PHILADELPHIA ( — The Eagles had an open locker room period before their voluntary mini-camp practice Wednesday and everything was copacetic in Sam Bradford's world.

Hours later it was anything but as the news broke that the Eagles sent a king's ransom to Cleveland in order to move up six spots in the draft to choose Bradford's successor as the team's starting quarterback, presumably North Dakota State's Carson Wentz.

Predictably, Bradford was not exactly thrilled with the news.

"He’s hot,” a source told ESPN's Adam Schefter. “Who wouldn’t be? This is Philly saying, ‘We don’t see (you) as long-term answer.’ He’s mad and wants to show everyone who is best."

Bradford's glorified two-year contract extension should have already foreshadowed that was the Eagles' thinking but it's one thing to know the organization has doubts and you will get the opportunity to change that thinking versus understanding you're simply a placeholder.

Some may find Bradford's reaction to today's developments admirable but it's also fruitless because you don't take quarterbacks with the No. 2 overall pick in this league without that intention that they are your future.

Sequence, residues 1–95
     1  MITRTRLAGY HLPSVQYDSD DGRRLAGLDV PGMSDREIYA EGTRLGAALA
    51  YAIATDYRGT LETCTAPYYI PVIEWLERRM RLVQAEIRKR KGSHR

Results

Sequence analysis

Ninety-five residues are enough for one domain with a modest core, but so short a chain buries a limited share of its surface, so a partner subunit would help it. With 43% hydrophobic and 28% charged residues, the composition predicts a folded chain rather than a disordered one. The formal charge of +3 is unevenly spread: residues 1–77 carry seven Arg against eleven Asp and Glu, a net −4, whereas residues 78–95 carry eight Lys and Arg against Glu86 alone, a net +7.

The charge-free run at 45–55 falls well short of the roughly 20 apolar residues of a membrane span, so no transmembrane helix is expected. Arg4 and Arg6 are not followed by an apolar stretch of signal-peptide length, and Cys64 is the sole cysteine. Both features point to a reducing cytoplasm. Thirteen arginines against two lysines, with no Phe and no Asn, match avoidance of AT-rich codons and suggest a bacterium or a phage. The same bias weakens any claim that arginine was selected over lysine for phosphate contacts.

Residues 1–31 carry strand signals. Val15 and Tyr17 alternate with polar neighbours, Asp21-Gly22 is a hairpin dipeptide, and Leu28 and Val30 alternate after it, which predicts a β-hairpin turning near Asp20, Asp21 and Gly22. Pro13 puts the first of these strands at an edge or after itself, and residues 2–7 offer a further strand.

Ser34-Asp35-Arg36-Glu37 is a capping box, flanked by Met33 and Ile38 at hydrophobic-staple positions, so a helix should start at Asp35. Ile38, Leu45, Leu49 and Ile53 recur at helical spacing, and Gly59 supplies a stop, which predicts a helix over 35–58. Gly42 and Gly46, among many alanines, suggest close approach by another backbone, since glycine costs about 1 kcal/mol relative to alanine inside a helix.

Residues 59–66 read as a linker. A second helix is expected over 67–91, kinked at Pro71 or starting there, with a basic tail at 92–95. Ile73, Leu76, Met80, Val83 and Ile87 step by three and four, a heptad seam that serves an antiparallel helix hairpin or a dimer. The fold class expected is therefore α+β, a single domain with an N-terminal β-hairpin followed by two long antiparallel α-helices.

There are exceptions to every rule of course and there's at least a chance for Bradford to play at such a high level that the Eagles think about spinning off the younger asset in a few years but the chances of that are slim and none considering the Oklahoma product's past resume.

And slim has already packed his bag and called for his Uber.

For the Eagles themselves, this dangerous game with Bradford's psyche is an attempt to serve two masters by rebuilding yet still staying competitive and relevant in a poor division.

"Let me be clear – Sam Bradford is our starting quarterback,” Eagles executive VP of football operations Howie Roseman said after the trade was completed Wednesday. “We’ve told Sam that. We intend to support him, and the moves we’ve made this offseason we believe will give us a chance to compete this season."

So Bradford's new job title is the bridge for 2016, meaning the incoming rookie will be spending his inaugural year under the learning tree with little pressure because the team also has a proven backup in Chase Daniel.

Just a day earlier Bradford was at his locker downplaying the potential addition of a first-round pick at his position on April 28.

“That’s a little above my pay grade,” Bradford deadpanned when asked if he was concerned about the Eagles moving up in the draft to select a potential franchise signal caller.

“…I learned a long time ago to stay away from that kind of stuff,” the QB continued. “It’s not the first time I’ve gone through a situation like this. I think I learned a long time ago not to worry about anything I can’t control.”

Now that he's officially been marginalized, it's probably a good time to worry.

-John McMullen covers the Eagles and the NFL for You can reach him at or on Twitter @JFMcMullen